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Ramaphosa calls for engagement on Israel – and help with SA’s revival

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“We must be vigilant against all forms of intolerance including anti-Semitism,” said President Cyril Ramaphosa in a landmark address to the South African Jewish community on 12 September at the Gardens Shul in Cape Town. “We must respond to it with the same resolve as we do against any act or statement that seeks to demean any faith, gender, or ethnic group.”
by TALI FEINBERG | Sep 20, 2018

He later said, “We must recognise the right of the State of Israel to exist in peace and security with its neighbours... South Africa stands ready to help and participate in the peace process.” It was just one of many points he made to allay the concerns of the South African Jewish community.

Ramaphosa spoke at the invitation of Chief Rabbi Dr Warren Goldstein, who said in his introduction, “Your victory is a rejection of the ghastly attempt at state capture for the personal enrichment of a select few.”

Goldstein did not mince his words in describing the South African Jewish community’s commitment both to this country and the Jewish State. “We love and cherish the state of Israel – it is part of who we are. We cannot be separated from it,” he said.

He pointed out that it was in South Africa’s best interests to form strong ties with “the only free, democratic country in the entire Middle East, and to partner with the robust economy and technology of Israel to create jobs here. It is indeed in the interests of peace, and Palestinian national aspirations, for South Africa to retain an involvement... to downgrade [the South African Embassy in Israel] is to become irrelevant,”, to which the president nodded in understanding.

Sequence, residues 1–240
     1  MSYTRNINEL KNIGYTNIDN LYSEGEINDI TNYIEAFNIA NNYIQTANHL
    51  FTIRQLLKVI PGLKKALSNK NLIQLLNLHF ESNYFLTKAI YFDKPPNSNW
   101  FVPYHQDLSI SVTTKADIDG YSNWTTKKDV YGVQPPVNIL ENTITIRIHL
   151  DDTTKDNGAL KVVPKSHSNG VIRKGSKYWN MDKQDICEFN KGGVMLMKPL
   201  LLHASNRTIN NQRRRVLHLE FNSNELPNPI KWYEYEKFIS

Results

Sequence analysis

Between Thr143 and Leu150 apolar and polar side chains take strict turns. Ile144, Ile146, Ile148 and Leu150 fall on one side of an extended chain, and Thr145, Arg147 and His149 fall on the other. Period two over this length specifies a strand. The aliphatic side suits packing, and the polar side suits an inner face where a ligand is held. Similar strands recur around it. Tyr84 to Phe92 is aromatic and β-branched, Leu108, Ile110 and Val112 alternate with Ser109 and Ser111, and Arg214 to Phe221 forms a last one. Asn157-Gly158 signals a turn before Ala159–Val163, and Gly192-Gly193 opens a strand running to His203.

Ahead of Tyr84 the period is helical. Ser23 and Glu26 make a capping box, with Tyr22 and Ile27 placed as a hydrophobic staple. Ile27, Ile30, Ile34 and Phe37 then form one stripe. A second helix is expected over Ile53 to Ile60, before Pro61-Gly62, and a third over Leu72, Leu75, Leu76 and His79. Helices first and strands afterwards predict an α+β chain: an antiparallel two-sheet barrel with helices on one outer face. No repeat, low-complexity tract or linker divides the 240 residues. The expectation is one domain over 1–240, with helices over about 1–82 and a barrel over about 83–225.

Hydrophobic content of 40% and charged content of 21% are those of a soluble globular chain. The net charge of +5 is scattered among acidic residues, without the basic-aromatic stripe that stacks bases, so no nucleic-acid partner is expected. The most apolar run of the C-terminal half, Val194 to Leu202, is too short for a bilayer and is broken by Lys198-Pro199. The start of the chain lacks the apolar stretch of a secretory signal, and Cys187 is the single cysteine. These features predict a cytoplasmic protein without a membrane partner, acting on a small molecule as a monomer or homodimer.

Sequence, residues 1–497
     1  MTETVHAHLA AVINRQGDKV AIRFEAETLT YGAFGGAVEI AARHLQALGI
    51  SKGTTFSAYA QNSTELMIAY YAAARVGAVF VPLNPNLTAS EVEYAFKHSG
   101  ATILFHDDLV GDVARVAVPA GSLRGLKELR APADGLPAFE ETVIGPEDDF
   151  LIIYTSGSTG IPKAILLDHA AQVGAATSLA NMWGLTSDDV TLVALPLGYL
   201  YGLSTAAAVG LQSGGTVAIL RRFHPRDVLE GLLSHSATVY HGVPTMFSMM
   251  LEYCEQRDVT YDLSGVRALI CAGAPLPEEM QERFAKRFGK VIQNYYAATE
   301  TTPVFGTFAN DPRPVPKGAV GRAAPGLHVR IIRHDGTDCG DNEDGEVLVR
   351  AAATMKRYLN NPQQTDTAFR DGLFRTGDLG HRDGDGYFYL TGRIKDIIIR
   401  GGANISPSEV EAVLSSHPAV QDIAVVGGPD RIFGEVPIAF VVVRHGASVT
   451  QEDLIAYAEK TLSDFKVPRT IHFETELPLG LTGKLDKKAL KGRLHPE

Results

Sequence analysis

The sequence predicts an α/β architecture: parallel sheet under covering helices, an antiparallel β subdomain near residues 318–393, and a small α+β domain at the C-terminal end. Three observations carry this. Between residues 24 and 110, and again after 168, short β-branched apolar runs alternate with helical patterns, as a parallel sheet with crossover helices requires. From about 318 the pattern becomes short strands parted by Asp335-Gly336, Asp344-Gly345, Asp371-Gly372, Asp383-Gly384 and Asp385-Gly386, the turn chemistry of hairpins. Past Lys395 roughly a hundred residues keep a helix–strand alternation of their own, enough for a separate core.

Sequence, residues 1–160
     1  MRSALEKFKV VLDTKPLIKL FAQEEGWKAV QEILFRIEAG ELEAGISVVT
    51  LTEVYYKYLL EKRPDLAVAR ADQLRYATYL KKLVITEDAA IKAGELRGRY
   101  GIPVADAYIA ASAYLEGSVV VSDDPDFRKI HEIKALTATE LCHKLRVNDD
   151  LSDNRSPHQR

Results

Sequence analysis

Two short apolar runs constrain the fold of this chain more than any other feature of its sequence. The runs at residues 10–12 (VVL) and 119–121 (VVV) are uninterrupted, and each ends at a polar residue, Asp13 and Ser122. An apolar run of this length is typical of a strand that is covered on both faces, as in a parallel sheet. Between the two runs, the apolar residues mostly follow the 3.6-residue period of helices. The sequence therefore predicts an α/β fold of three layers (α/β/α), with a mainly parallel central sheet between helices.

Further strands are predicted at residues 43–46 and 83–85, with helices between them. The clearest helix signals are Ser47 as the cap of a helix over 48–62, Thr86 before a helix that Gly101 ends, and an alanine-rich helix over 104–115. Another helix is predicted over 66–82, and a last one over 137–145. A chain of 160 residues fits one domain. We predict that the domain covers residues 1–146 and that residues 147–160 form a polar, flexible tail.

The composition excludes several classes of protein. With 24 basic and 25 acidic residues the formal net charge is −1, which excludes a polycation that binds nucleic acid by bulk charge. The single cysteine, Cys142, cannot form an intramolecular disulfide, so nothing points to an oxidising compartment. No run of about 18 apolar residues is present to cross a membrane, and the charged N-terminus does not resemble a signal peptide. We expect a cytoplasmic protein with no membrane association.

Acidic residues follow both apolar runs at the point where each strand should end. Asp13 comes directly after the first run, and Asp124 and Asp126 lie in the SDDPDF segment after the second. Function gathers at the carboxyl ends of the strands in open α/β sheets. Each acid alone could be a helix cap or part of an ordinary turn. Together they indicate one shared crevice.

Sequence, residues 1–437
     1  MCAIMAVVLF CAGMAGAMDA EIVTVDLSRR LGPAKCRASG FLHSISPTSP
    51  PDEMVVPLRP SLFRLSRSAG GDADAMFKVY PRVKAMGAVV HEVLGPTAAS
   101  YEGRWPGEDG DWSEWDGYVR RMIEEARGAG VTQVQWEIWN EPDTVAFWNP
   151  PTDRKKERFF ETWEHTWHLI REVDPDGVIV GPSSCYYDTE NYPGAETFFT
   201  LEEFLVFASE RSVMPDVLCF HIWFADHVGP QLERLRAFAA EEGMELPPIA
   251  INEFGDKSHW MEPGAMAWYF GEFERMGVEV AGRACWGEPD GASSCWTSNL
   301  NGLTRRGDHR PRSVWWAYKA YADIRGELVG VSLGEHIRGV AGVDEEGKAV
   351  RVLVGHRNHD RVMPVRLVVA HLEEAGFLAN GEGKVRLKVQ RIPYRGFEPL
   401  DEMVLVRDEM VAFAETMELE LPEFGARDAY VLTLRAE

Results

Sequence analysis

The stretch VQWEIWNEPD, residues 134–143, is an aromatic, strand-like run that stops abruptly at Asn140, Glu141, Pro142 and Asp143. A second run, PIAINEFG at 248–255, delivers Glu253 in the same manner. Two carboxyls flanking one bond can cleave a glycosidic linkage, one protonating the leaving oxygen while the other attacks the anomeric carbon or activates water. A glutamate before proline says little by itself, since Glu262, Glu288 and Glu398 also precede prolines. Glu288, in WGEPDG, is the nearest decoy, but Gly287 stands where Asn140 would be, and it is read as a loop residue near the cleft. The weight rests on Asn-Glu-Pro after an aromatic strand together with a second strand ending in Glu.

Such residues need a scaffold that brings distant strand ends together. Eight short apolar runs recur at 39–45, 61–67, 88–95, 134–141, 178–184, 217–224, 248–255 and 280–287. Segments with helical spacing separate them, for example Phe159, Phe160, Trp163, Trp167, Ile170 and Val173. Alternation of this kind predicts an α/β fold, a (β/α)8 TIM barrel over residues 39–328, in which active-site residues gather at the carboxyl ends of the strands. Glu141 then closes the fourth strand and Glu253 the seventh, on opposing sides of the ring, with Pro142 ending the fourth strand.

Equally, “We are loyal partners in the noble and holy endeavour to uplift, transform, renew, and reinvigorate South Africa,” said the chief rabbi. “I would like to pledge our partnership with you in building this country.

Goldstein said that many members of the community had borne the brunt of the slow South African economy, and were under tremendous financial pressure. “As your partners, Mr President, we turn to you to direct the South African economy to a new cycle of growth.”

Ramaphosa began by acknowledging that, “The significant contribution by the Jewish community to the development of our society is admired by many South Africans. Our history is punctuated with examples – both celebrated an unknown – who fought against injustice. They led from the front. Today, Jewish South Africans continue to play vital roles across a broad spectrum of human endeavour.”